I thought I’d start by providing a bit of context to explain the significance of the Thatcher government. From my understanding, what is often referred as the ‘post-war consensus’ was essentially the realisation that the only way to seriously deal with mass unemployment and ensure that there was some kind of equality of opportunity was for government to play an active role. So, vital services such as health care and education were free to access, funded by tax revenues. Transport and utilities such as gas, electricity etc. were taken into public ownership and full employment was a stated aim.

These fundamentals were accepted as mainstream or ‘centre ground’ politics until the victory of Thatcher. She created a new consensus which declared that the private sector was ‘dynamic’, ‘efficient’, provided better services while by contrast the state was wasteful, costly and incapable of delivering high-quality services. Under these pretences  huge swathes of public services were sold off on the cheap to private businesses. It was not that the state would keep out of the economy. Instead, it would play an active role in transferring wealth to the top of society by cutting public spending, cutting taxes for the wealthy and continuing to subsidise these newly privatised enterprises. According to this vision greed was good and society was non-existent.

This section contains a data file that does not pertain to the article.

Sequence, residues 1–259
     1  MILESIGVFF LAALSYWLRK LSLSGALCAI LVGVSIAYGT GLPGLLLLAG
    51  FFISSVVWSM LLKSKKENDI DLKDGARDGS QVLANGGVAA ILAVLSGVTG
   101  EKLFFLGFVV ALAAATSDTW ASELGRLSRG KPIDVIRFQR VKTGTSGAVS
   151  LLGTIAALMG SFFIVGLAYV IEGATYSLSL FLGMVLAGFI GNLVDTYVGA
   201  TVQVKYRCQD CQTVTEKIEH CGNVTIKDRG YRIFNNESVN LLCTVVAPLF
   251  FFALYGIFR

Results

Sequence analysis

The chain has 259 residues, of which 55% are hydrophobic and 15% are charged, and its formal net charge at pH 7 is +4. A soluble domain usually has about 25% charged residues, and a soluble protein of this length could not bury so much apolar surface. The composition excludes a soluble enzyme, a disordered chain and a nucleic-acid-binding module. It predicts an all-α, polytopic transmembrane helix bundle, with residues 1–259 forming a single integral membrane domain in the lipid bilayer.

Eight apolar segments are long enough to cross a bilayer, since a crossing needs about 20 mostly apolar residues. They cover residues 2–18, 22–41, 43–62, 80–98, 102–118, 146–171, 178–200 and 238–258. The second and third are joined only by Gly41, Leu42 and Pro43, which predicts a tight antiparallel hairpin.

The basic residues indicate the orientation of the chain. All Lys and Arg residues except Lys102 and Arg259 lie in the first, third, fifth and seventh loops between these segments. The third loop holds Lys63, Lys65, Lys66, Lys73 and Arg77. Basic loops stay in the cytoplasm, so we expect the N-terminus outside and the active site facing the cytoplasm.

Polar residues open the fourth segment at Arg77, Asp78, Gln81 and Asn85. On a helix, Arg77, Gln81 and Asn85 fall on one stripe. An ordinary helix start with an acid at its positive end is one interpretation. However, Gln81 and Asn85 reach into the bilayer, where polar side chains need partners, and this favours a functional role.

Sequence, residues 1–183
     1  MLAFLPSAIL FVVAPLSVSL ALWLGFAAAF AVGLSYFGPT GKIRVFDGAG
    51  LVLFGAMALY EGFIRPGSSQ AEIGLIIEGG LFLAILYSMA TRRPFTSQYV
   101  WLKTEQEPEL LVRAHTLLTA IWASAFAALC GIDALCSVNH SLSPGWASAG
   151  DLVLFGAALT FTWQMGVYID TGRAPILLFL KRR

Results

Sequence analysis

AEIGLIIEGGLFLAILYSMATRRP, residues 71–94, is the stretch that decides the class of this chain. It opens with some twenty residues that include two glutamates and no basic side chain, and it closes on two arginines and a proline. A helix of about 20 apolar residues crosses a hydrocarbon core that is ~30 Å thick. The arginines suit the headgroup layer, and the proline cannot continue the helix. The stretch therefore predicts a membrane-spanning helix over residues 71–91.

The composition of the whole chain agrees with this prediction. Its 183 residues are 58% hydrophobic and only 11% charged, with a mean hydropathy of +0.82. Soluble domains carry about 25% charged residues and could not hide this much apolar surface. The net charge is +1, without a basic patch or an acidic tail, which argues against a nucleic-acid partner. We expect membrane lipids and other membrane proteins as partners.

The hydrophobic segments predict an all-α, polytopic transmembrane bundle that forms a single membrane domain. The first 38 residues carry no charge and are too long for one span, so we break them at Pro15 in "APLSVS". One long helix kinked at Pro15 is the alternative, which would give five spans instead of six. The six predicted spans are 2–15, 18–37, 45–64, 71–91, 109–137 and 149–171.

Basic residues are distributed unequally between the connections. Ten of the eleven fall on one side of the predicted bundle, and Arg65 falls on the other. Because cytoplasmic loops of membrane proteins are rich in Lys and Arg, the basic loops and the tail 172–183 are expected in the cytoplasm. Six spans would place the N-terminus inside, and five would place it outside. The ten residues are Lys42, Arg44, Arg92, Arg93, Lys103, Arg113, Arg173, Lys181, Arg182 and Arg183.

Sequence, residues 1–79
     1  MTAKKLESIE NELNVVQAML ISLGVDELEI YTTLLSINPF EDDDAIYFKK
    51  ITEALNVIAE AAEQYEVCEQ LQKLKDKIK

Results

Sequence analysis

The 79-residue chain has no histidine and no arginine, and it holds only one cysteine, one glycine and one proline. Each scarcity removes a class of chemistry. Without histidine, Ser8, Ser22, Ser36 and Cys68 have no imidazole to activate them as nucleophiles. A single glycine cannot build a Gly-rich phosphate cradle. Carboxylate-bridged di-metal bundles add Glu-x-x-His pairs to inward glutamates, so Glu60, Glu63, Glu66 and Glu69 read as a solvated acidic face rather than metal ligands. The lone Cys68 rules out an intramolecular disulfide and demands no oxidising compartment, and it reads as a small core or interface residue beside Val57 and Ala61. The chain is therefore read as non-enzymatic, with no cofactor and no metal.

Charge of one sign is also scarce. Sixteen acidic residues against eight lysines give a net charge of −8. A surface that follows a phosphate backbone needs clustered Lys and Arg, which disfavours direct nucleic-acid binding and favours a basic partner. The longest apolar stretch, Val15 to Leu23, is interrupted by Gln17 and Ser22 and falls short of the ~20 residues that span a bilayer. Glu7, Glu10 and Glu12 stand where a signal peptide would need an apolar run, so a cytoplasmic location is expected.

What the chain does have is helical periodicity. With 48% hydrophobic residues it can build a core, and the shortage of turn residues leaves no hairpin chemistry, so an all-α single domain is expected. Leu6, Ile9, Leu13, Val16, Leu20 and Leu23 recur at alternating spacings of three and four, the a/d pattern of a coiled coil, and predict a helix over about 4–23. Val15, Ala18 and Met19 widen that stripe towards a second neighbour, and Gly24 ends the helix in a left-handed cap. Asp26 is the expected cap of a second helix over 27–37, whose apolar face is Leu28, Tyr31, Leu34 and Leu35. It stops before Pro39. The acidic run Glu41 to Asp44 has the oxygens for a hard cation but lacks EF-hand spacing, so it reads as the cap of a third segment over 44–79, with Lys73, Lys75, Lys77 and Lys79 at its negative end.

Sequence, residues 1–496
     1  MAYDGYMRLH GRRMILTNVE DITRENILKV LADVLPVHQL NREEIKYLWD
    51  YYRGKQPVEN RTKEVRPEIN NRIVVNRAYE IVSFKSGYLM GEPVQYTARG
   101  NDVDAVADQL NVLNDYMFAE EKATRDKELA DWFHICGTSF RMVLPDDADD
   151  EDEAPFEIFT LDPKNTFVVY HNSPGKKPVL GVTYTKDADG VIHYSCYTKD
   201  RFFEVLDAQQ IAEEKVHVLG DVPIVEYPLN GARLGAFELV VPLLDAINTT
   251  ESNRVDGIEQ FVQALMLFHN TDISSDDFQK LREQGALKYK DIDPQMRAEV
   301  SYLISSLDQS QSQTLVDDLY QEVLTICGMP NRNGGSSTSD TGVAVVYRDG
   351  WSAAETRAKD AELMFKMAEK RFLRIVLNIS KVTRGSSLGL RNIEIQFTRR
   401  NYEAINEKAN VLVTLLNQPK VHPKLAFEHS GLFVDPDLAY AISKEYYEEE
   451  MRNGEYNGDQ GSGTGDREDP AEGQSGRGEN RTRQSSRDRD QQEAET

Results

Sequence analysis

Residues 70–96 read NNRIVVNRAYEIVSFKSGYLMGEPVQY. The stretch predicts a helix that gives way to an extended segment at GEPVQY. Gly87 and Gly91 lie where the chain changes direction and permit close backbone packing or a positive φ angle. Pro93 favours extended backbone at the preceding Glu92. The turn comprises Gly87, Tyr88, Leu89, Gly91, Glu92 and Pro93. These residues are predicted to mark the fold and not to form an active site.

This was not just accepted but accelerated by New Labour. Utilities and transport remained in private hands and with the creation of academies, the extension of PFI schemes and handing contracts to firms like the now notorious Atos, private companies were able to profiteer in an unprecedented way from education and health and welfare provision.